“Overall, it is our opinion that a productive meeting took place in that the Municipality of Meaford was able to clarify the role of a board versus a friends of model, outlined our commitment to accessible buildings and what that entails especially when any renovations or upgrades are undertaken and the current accessibility related limitations of the facility. It was also outlined that in either model the direct management of capital related costs or projects for a municipally owned building, and their priority and need, including validation of need, is the responsibility of the Municipality and a function of the annual budget(s). At this time we do not anticipate any major capital projects, like the kitchen, proceeding in 2016 and they will be evaluated in the context of the direction to staff for future capital consideration and budgets,” Morrissey told The Independent when asked to comment on the claims made by the Woodford volunteers. “As an outcome of the meeting, staff will prepare a follow up report for the February 1, 2016 Council meeting based on the confirmation from January 15, 2016 that the volunteers want to remain as a Friends Model and not become a Board.”
The CAO also said that the “Friends Of” model has been “very successful in other communities and ensures that there is still a very active volunteer group who participates in the facility and serves as high profile ambassadors representing the facility.”
A resignation statement issued on Monday, January 25 by seven of the now former volunteers suggests that the January 15 meeting was no ordinary meeting.
“The agenda for the January 15 meeting was not structured as a discussion, but as an announcement of a decision, and as a notice of termination, immediately of duties being performed by the Woodford volunteers,” read the statement. “Since 2013, volunteers at Woodford Hall have operated within the framework established by the (municipal) administration.”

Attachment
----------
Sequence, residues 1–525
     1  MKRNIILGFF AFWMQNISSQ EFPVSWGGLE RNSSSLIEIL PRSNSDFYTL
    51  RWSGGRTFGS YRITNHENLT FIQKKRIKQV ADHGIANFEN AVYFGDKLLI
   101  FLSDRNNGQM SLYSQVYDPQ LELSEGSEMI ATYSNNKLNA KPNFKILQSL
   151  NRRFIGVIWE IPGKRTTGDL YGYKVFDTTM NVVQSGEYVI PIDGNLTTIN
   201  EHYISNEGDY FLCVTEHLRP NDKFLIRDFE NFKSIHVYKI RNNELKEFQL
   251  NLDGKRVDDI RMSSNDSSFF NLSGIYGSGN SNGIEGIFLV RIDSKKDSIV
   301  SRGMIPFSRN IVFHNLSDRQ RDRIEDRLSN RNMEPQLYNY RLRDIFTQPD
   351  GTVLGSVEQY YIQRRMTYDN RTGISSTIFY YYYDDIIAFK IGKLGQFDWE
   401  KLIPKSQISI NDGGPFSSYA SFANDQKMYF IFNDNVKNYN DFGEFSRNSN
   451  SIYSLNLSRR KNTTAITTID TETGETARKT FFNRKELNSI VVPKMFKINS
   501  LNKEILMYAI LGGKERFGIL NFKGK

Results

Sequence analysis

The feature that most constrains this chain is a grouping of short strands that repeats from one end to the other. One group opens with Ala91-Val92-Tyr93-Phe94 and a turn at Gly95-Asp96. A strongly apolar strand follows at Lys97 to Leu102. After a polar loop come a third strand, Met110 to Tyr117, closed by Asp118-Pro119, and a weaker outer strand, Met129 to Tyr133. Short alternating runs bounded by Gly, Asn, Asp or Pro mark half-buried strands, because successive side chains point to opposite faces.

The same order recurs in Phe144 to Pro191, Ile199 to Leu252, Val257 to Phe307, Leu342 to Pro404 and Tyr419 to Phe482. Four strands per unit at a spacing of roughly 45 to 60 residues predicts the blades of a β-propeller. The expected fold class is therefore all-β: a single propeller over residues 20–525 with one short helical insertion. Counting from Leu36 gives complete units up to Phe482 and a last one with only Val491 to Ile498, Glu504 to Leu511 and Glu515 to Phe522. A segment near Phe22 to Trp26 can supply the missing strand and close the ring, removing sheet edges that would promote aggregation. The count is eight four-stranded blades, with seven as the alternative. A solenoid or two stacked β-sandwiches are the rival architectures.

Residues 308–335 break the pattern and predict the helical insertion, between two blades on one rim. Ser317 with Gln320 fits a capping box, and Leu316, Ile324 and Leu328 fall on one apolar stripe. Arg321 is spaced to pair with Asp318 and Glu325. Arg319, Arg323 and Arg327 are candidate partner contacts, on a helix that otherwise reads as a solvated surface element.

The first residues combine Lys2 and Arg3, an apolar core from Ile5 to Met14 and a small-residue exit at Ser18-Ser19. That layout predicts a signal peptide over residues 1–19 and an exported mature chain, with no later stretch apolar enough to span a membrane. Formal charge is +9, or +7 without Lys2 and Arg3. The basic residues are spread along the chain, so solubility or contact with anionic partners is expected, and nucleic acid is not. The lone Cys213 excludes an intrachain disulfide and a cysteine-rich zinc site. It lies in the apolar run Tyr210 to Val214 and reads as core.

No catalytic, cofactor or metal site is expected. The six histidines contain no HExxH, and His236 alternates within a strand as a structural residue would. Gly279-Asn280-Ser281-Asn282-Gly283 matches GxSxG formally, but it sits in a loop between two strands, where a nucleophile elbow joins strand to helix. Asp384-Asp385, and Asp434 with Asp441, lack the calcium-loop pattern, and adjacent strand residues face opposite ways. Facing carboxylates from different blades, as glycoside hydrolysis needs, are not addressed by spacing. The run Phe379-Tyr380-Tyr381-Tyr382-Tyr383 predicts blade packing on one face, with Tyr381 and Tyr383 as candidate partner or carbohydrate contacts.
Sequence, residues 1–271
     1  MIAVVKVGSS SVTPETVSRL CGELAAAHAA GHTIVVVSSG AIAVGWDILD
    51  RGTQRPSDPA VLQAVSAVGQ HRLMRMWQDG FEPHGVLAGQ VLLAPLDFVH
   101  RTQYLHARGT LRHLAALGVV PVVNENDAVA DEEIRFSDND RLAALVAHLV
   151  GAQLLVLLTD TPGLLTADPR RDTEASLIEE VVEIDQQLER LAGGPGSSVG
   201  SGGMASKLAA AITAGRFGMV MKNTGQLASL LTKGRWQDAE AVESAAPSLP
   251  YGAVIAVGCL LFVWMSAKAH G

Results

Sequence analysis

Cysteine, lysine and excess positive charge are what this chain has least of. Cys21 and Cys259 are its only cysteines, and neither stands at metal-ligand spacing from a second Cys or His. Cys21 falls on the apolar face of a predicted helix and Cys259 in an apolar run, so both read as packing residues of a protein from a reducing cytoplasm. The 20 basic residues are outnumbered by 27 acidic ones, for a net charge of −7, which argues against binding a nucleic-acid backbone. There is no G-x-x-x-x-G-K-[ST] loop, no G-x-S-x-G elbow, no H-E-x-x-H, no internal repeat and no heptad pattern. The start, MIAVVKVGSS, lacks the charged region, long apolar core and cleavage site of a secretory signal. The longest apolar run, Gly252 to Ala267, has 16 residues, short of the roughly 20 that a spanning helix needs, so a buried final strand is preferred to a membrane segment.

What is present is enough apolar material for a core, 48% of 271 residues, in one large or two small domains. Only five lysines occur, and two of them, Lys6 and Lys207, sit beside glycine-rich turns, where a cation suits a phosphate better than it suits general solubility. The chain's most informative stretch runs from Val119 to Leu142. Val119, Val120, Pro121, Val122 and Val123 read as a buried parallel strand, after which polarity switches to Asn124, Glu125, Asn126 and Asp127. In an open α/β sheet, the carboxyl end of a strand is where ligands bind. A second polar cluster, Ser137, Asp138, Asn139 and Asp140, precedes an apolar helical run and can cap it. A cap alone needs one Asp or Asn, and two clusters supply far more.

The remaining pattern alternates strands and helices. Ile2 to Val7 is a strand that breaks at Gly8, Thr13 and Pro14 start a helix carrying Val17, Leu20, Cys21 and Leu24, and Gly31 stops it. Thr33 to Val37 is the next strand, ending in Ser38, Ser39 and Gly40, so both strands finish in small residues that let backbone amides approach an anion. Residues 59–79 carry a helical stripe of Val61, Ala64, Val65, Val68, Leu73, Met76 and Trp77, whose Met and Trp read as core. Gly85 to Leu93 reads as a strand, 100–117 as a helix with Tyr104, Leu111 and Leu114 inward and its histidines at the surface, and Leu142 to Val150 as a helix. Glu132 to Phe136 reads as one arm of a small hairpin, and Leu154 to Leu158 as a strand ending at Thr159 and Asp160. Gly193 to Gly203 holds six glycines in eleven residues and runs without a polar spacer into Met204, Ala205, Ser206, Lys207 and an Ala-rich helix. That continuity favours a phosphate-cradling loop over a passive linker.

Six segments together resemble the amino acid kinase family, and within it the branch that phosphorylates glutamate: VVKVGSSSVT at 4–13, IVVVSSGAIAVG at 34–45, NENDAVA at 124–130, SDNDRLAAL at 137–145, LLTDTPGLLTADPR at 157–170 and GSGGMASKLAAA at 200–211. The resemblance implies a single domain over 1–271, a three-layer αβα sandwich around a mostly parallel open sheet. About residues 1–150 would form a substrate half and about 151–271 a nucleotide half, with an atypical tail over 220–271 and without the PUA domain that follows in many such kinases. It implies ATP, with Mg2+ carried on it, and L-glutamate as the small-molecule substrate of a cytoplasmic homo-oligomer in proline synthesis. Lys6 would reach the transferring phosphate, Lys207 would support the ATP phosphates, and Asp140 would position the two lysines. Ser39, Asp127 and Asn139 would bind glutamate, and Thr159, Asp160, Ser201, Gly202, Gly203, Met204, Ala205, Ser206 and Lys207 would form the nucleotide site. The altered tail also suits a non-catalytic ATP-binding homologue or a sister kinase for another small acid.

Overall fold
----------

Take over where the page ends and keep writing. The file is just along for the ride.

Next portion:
The volunteers also took issue with their treatment by municipal managers, who they characterized as acting rudely at the January 15 meeting.
“As volunteers we require some professional respect and a common purpose for our commitment. The CAO was very clear in her statements (at the January 15 meeting) that we 'need an attitude adjustment', and we 'are not team players'. Our group has always functioned, even with differences of opinion, with courtesy and mutual respect. Rudeness is not acceptable.”
The volunteers are concerned about the future of Woodford Hall; they also suspect that the local Legion has set their sights on Woodford Hall as a meeting place, though Meaford's CAO told The Independent that the Legion has expressed interest not in Woodford Hall, but in Riverside Hall.
“As you may know the Legion recently sold the building that housed their organization and services. We are not aware that the Legion has expressed an interest in renting or booking space at Woodford but if the case it would be welcomed as expanded use of Woodford increases the engagement by a local organization and the community which is consistent with Council’s Strategic Priorities. We are aware that the Legion is reviewing the opportunity to rent/book space at Riverside Community Hall,” said the CAO in response to our questions about plans for the Legion.
A report from municipal management will be prepared for the Monday, February 1 council meeting.